What is the problem with repetitive instruction? In her book, Improving Working Memory: Supporting Students’ Learning, Tracy Packiam Alloway talks about a recent study with students from ages 8-11. These students were given repetitive instructional support. Yet two years later they were still performing at the bottom of the class. Drilling academics without improving working memory is like entering a bike race with flat tires. If we don’t develop working memory skills (blow up the tires), the process of learning academics will be a very uncomfortable and bumpy ride.
How can we develop working memory? Working memory can be increased with intensive cognitive training. Let’s give our students the capacity to learn! When I work with students, I give them exercises that help them understand what processing speed, working memory, and long term memory retrieval really feel like. Here are some exercises that begin with basic processing, switch to a working memory exercise, and end with a logic exercise:
* Take a deck of playing cards or the game Blink and simply see how quickly you can name the cards you see. I encourage you to time yourself on all of these exercises. This is your processing speed.
* Next, sort the cards according to the suit or shape on the card. It is important to say the name of the suit or shape when doing the exercise. Parents can play against their child. You can also sort by color only and number only.
* Now alternate the cards and say the number of the first card, the color of the second card, and the shape (suit) of the third card with the Blink cards. This is your working memory. Did you feel it?
* Then say the number of the first card, the number and color of the second card, and the number, color, and suit/shape of the third card.
* Finally, remove the face cards (K, J, Q, and A) and say the number you see on the first card (equal), then add +1 to the second card, and then subtract -1 to the third card.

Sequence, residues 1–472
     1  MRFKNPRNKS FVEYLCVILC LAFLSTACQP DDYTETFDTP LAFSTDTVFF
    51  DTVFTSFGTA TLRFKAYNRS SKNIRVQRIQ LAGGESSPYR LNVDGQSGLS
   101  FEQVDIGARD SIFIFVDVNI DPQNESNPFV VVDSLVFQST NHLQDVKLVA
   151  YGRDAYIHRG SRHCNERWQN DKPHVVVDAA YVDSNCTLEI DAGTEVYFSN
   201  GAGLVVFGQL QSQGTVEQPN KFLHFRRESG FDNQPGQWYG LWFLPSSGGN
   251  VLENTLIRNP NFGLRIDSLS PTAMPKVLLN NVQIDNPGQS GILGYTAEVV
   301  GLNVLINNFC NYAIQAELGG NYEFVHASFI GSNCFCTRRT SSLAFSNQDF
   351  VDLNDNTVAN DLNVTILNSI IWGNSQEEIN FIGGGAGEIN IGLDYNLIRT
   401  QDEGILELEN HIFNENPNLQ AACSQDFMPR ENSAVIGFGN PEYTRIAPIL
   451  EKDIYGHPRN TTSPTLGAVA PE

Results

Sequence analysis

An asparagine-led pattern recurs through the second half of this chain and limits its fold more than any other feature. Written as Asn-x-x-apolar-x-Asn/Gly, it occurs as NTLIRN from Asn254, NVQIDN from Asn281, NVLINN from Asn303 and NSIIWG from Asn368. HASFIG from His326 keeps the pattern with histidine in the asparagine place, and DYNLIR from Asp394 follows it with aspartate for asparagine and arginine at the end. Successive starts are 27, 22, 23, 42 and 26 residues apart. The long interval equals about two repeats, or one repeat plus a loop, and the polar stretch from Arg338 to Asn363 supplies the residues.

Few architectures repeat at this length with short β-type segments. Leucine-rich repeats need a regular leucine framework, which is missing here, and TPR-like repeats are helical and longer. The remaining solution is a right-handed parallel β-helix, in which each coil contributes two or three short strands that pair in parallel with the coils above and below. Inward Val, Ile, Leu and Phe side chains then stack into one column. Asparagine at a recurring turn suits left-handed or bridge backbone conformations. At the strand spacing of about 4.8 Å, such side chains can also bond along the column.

* How did you do?
Keep practicing! When students hold two or more procedural steps in their mind while they perform a task, they are using their working memory. Practice the above exercises at home or at school every day for the next 8 weeks and watch your working memory improve! Working memory and processing speed are two of the most common weaknesses we see in students with learning challenges.
Jan Amos Comenius was an educator and theologian and is considered to be the father of modern education. He believed that all humans are created in the image of God and have the capacity to learn, as he said in the following passage: “It is evident that man is naturally capable of acquiring knowledge of all things since, in the first place, he is the image of God. So unlimited is the capacity of the mind that in the process of perception, it resembles an abyss . . . for the mind, neither in heaven nor anywhere outside heaven, can a boundary be fixed. The means to wisdom are granted to all men, and he reaffirms the common character of learning potentiality in all of mankind. What one human being is or has or wishes or knows or is capable of doing, all others are or have or wish or know or are capable likewise.” I couldn’t have said it better myself.